Otago & The Southern Alps

This region offers an embarrassment of riches. Queenstown is New Zealand’s year-round adventure playground, and an ideal location to start a self-drive holiday. In addition to the mind-boggling choice of outdoor pursuits, you’ll also discover destination spas and award-winning wineries. Not far away, the quaint lakeside town of Wanaka offers a gentler pace of life than Queenstown, yet retains equally beautiful scenery and an abundance of things to see and do. Then there’s the historic city of Dunedin, pretty coastal towns and villages, natural wonders and the rare wildlife and dramatic coastlines of the Otago Peninsula. 


If your holiday checklist is packed full of high-octane adventures, then Queenstown is your place. In a beautiful setting on the shores of Lake Wakatipu and nestled among the towering Remarkables, it’s known as the adventure capital of the world - and with good reason. Try your hand at whitewater rafting, jet boating along the Dart River, mountain biking, and skiing in the winter. Take a helicopter ride for a secluded picnic lunch high up in the mountains with fabulous views, and visit the surrounding wineries for a taste of the local vintages.

Queenstown is the gateway to Fiordland and the beautiful Milford and Doubtful Sounds – both a must-see - and Arrowtown, a former Gold Rush settlement, is nearby, with its historic buildings and boutique shopping.


The scenic lakeside town of Wanaka is around a 90-minute drive from Queenstown and may be more relaxed but is also an action-packed adventure destination: thanks to its dramatically blue lakes and surrounding landscapes, this is one of New Zealand’s top spots for boating and swimming, as well as skydiving, and like its more famous neighbour, it’s also popular for winter sports. The nearby Mount Aspiring National Park is spectacular: take a scenic flight over its rugged wildness and glacial valleys.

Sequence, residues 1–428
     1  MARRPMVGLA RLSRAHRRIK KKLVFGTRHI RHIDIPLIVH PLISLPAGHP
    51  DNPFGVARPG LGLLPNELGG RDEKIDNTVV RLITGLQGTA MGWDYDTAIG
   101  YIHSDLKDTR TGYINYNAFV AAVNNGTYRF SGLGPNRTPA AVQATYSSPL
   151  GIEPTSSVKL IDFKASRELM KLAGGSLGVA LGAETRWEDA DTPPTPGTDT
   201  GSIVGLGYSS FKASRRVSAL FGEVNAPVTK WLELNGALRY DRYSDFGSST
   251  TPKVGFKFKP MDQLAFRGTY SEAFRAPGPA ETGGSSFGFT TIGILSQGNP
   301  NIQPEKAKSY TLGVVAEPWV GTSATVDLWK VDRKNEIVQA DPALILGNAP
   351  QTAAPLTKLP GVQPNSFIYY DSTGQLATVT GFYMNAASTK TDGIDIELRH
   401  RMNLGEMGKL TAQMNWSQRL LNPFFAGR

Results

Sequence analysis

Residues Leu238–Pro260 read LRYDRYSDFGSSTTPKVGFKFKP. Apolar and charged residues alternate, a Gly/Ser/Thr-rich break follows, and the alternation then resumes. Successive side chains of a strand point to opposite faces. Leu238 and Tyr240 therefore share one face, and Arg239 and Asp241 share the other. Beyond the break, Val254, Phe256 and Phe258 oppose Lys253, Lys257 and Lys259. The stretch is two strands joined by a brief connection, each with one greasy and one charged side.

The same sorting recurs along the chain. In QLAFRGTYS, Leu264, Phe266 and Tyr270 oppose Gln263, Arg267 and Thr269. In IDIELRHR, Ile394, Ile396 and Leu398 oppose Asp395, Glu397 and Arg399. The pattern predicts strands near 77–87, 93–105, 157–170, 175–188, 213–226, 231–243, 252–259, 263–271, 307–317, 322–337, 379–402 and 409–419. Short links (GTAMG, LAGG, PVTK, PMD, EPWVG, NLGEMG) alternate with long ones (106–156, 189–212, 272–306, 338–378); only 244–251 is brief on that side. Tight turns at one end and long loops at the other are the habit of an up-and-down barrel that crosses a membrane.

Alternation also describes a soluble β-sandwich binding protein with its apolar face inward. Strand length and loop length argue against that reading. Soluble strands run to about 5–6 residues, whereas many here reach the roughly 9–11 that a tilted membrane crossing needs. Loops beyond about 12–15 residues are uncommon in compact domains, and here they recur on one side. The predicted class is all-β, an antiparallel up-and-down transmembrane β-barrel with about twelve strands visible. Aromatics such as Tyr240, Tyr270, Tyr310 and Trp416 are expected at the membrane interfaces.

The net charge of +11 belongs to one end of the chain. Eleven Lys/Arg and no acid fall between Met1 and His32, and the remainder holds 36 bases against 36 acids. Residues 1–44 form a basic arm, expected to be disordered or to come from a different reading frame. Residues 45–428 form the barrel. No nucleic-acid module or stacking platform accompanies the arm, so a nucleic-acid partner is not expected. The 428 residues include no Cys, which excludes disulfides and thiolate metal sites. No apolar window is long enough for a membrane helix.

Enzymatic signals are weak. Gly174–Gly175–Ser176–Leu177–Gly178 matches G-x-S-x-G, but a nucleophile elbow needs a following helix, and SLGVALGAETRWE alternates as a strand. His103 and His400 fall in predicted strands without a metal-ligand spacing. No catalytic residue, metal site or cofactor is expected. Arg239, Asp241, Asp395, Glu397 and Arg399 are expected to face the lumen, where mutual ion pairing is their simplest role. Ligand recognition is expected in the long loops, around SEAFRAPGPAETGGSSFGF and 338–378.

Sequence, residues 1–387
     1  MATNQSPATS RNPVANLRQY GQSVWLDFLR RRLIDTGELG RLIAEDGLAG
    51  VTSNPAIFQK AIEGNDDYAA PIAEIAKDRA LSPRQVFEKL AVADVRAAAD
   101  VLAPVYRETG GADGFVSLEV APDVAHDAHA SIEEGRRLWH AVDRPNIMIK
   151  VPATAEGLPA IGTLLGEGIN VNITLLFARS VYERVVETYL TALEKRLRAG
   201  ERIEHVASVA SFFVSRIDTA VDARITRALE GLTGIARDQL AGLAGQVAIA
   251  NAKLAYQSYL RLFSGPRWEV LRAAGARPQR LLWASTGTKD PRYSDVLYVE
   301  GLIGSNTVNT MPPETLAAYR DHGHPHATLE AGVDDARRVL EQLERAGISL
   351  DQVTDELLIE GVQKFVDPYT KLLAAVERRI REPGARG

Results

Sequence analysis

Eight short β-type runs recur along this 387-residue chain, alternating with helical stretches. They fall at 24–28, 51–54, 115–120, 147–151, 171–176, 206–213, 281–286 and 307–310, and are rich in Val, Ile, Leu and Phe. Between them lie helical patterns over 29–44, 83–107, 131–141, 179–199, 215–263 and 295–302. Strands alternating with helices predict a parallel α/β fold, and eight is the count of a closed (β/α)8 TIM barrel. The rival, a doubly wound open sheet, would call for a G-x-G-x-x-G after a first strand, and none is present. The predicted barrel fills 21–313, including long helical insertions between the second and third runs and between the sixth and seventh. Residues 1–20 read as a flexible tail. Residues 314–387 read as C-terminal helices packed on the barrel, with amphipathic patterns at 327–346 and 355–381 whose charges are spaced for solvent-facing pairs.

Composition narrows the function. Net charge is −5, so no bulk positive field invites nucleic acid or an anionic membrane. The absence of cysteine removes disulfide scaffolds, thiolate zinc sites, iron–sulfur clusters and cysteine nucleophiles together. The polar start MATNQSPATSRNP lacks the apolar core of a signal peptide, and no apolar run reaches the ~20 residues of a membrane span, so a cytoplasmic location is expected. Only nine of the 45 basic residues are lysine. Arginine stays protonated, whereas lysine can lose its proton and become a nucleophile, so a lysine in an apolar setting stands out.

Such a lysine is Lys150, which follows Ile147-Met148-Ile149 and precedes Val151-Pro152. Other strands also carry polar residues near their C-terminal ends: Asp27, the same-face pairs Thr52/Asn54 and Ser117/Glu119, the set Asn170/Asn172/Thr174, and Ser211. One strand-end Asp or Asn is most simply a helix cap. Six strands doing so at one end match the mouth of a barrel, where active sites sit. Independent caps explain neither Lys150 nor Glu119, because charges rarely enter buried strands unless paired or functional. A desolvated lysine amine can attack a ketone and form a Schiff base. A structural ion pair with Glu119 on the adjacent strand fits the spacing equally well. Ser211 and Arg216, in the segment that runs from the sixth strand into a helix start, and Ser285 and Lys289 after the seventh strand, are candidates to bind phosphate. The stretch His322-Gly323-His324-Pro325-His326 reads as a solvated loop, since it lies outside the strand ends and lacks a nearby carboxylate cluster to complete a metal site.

Dunedin & the Otago Peninsula

The historic and characterful university city of Dunedin is the start of the Otago Central Rail Trail, which combines 150km of cycling and walking tracks through stunning scenery, and the city stretches around a long and beautiful harbour, which is sheltered by the stunning Otago Peninsula. Considered one of the world’s finest examples of eco-tourism, the peninsula offers world-class wildlife encounters: it is home to wildlife including a colony of one of the world’s rarest penguins and the only mainland breeding colony of albatrosses, as well as rare New Zealand sea lions, wild dolphins, and a variety of rare marine birds.


Oamaru, on the east coast, has an array of unique and diverse attractions, from a colourful historic precinct featuring a 19th-century streetscape to a blue penguin colony - see conservation in action and watch the world’s smallest penguins waddle in from the sea each evening.

Coastal Otago is rugged and beautiful, and you shouldn’t miss one of New Zealand’s most bizarre yet iconic natural wonders, infused with Maori legend - the Moeraki Boulders on Koekohe Beach - and sample some fresh seafood in the picturesque fishing village.  


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